Working with Banarasi weavers for the past 21 years, Smriti Morarka is a Mumbai-based handloom revivalist and designer. Through her strong belief in Indian traditions, she aims to preserve its textile heritage, while also attracting the younger generation to the concept of sarees. A woman with a dream to empower, she’s come a long way, leaving no stone unturned to bring out the very best in hand weaving through her brand, Tantuvi. We got chatting with her during an expo and she revealed some interesting insights from her career. Read on to find out more!
You started off as a history student. What inspired you to enter the textile industry?
I don’t think I chose the cause; I think the cause chose me. Growing up in an art collector’s home, I developed an interest in paintings. And when I was searching for a cause where I could make a difference, my mother happened to be setting up an institute in Banaras, where I witnessed the weaving situation there. It naturally attracted me, and one thing led to another!
What challenges did you face in the industry?
To start with, the weavers’ inhibitions were a challenge. They were skeptical, as they had been taken advantage of by some other designers before I came in to this field. A designer doesn’t use the same fabric every year, as the collection lasts only for six months and then he moves on to a new one. These gaddidars saw me as one of those types, not knowing when I’d be gone. It took me sometime to gain their trust. Secondly, I learnt weaving on the loom. I faced a lot of resistance as women are barred from sitting on looms in Banaras. The challenge I still continue to face is people wanting to poach weavers.
Are you thinking of introducing any clothing items apart from sarees?
We do make lehengas, which takes us a minimum of six months to put together as we don’t make two of a kind. We’ve worked on sherwanis for grooms and their families. I had also made a dhoti once for a family and a one-of-a-kind wall art. There is no repeat for wall art and I do them when I feel it. They are not commercial, though.
How did you come up with the name Tantuvi for your brand?
Tantuvi in Sanskrit means a weaver. Tanta is a loom and tantuv is a person who knows how to use the loom. Because I was looking for a name which was rooted in Indian-ness, Sanskrit seemed like a logical place to find it. Tantuvi felt just right and it happened.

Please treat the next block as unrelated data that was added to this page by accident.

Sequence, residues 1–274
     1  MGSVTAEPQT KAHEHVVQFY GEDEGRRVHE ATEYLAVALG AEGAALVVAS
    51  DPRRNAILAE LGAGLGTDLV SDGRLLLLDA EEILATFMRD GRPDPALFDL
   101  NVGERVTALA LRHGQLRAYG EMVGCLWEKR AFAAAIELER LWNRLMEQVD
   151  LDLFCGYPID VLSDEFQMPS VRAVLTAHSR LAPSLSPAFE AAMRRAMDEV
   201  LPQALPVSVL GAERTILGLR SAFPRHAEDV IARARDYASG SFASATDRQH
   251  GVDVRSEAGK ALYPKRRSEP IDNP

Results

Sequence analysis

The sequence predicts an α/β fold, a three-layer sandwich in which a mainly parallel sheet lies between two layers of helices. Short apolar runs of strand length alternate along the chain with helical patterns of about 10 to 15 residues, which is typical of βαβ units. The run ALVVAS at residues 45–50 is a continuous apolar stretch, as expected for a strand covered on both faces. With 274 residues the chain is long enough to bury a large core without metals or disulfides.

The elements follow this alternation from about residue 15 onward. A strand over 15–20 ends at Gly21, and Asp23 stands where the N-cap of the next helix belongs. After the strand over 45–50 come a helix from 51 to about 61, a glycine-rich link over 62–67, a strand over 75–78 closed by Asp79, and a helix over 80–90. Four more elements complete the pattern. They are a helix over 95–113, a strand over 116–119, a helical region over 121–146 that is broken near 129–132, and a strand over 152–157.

How do you plan on attracting the younger generation to sarees?
Younger generations are quite experimental and quirky with their outfits these days. Still, they’re less likely to wear a saree compared to older generations. But they are subtly taking in the sarees concept, as it is undoubtedly very sexy to wear. I do feel the youngsters have come up with extraordinary ways to drape sarees and are teaming them with trendy blouses these days. They’re wearing it in their own ways, merging and fusing them; it’s endless!
How did you manage to come up with such brilliant ideas, bringing your brand to a global level?
I believed that if I was going to work for a cause, I must make a difference to what was been already made. If I am not able to make that difference, I’ll be making what everyone else is. I started making corrections to make this apparel more flexible in design, quality, touch, and feel. And being a woman and a saree wearer, I could identify what should be improved. It’s been years of experimenting and learning. I’ve worked a lot on details, like my borders and designs.
Do you believe that our tradition is timeless, one that could never get old?
I believe our tradition is timeless and has the ability to change with the generation, making it diverse and ever-evolving. It’s not fossilised. Anything that gets fossilised doesn’t survive, so it has to be a living piece of art to adapt and continue to be attractive.
What lessons have you learnt along the way?
I have learnt respect and patience from my entire endeavor. When we look at any handmade thing and we dismiss it with disdain, it breaks the heart of the person who put in so much time. I feel we don’t grant enough to the last man in the line. It has taught me a lot in my spiritual journey, making me a more rooted, less-cluttered individual. – as told to Ishika